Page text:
Could I please check if my answers to the following three questions are correct? My answers are in bold.
1. How would you expect 39Ca to decay?
a) β+ or electron capture (EC)
b) Electron capture only
c) β-
d) α
2. How would you expect 39Ar to decay?
a) β+ or electron capture (EC)
b) Electron...
I thought of another question(s) :) does temperature affect the rate of the decay at all?
Does temperature effect the energy of the decay; in that the energy of the electron anti neutrino would be higher?
I would like to know if is safe to stay in Sendai (less than 100 km from Fukushima). I have read different information in internet but I think is better to ask a expert, I am not sure about the radiation since it seems is not stable, it could be between 0.4-0.6 msv if I understood, is that ok to...
Homework Statement
A source having a half life of 5.27 years is calibrated and found to have an activity of 3.5*10^5 Bq.The uncertainty in the calibration is +- 2%
Calculate the length of time in days after the calibration has been made for the stated activity to have a maximum possible error...
Hello
Let's suppose a beta-decay. The mother nucleus is dM heavier than the daughter nucleus.
What happen if the excitation energy does not match any combination of excited states in the daughter nucleus?
Example: the daughter nucleus has 100keV of excitation energy, but the first exited...
Are there equations that detail the stability of nuclei against beta decay? On a related point, I'm familiar with the chart that shows all the isotopes and their half-lives (with a good chunk undergoing beta decay), but I was wondering if that can be derived from first principles, just using the...
Is it theoretically possible to stimulate a radioactive nucleus so that it decays on demand instead of randomly?Could this be used to accelerate decay of dangerous fission by-products?
Hi! I just keep having a hard time looking for the formula stating the relationship between half life, the initial number of unstable nuclei and the initial activity, can someone help me on that ?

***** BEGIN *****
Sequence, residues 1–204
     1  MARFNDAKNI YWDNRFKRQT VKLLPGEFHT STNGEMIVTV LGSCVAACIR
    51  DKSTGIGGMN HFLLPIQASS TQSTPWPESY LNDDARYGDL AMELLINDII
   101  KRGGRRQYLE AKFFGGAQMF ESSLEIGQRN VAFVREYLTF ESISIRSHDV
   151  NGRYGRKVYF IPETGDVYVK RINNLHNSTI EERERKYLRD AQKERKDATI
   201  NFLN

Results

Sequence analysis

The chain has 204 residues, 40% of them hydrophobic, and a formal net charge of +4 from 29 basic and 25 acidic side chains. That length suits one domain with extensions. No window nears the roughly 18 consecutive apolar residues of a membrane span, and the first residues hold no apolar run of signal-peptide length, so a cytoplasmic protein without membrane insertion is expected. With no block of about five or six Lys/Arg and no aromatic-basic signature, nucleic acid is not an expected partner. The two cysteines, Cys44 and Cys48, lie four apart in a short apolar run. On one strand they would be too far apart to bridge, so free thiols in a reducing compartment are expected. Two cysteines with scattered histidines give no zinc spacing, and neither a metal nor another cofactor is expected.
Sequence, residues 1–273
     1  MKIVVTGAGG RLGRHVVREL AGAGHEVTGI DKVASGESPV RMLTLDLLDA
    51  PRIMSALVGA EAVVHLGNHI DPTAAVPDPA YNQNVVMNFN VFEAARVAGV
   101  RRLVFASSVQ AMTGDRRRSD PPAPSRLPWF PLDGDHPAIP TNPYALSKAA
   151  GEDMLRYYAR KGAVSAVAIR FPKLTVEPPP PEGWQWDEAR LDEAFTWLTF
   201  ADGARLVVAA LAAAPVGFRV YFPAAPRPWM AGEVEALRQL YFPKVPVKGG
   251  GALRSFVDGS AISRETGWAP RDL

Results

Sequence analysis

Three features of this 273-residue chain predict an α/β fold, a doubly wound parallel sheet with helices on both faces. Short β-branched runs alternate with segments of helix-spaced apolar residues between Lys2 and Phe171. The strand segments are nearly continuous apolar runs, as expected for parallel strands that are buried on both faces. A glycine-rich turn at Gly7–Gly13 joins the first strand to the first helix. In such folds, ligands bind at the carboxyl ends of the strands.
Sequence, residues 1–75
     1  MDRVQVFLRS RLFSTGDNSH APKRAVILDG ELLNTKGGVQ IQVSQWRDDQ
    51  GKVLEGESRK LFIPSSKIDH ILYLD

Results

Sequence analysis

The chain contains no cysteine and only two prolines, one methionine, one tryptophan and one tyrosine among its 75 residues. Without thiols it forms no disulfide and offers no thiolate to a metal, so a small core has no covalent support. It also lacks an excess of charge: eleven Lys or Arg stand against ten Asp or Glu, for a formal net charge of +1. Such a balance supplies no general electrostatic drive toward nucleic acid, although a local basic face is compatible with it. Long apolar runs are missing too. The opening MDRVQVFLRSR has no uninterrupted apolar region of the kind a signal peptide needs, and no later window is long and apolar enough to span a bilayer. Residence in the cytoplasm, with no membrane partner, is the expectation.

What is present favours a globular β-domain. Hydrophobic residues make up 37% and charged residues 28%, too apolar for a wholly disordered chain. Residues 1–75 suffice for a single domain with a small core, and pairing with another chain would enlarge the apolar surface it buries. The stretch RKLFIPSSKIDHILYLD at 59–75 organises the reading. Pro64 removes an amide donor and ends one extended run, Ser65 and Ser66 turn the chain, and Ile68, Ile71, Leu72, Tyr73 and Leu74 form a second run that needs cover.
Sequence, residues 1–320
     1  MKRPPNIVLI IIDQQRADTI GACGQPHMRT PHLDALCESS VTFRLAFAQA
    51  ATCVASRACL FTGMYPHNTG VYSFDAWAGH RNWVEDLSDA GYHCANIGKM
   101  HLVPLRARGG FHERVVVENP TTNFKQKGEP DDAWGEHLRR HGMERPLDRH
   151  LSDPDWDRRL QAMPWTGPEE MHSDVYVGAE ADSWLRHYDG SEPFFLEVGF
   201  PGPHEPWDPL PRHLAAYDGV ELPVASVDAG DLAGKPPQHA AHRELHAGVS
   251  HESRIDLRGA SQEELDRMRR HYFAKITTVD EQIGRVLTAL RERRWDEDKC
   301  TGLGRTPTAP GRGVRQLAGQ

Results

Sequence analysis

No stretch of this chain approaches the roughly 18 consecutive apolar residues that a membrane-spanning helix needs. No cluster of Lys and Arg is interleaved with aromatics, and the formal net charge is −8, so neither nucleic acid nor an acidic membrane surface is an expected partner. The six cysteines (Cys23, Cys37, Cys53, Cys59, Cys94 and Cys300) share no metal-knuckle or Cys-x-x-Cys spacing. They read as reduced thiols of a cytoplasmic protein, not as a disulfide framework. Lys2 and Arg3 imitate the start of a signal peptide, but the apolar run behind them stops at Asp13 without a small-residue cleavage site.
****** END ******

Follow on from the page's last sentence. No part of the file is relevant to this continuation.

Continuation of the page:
To be more specific, here is a problem which can be solved using that formula:
"A substance has a...
Hi, I am struggling with a question where they want me to determine whether or not three different decay are allowed.
From what I have understood all decays must follow a set of conservation law. These laws are:
1 Conservation of Baryon number
2 Conservation of Lepton number
3 Conservation of...
Homework Statement
The formula being derived is N=No*e^k*t, from the equation Nn=No/2^n where No is the initial number of particles and the lowercase n in the second equation is the number of half lives. The n in Nn just indicates the number of particles after so many half lives. You might also...
Hello
I was reading this post,
https://www.physicsforums.com/threads/nuclear-decay-of-a-small-number-of-atoms-calculation.853664/
and I wander if the binomial distribution is still a good model if you have a small amount of nuclei, and in addition they can decay by different processes (each...
Homework Statement
A stationary nucleus undergoes radioactive decay. A beta particle and a neutrino are detected leaving the nucleus. What is the recoil velocity of the remaining nucleus? If the recoil velocity measured is significantly different from the calculated velocity, what conclusion...
I came across a rather dubious question that a teacher had put in a power point. It said something like,"Given a sample of 100 atoms of isotope x, after one half life of the said isotope, how many atoms of the original isotope will be left?"
My answer was that it was a trick question because...
Homework Statement
The half life T½ of Carbon-14 is 5730 years. What is its decay constant? After what length of time will 35% of an initial sample of Carbon-14 remain?
Homework Equations
Decay constant λ= 0.693 / T½
Where N = amount of radioactive substance,
N=N0e-λt
The Attempt at a...
Homework Statement
If a radioactive sample of 59Fe (t1/2= 44.496 d) has an activity of 1000 disintegrations per minute, what weight of 59Fe is present?
Homework Equations
I'm sorry for posting this another thread, but I accidentally posted under to wrong forum initially and could not figure out how to delete it :-(1. Homework Statement
Find the missing isotope: Iodine-127 (n, alpha)
My answer is Sb- 122 but it was wrong.
Also, how would I go about finding the...
Hi all,
I have a question concerning the derivative of the formula of the number of nuclei. I hope I've posted this in the right section, I'm new here :P. Anyway, in the question, the given values are: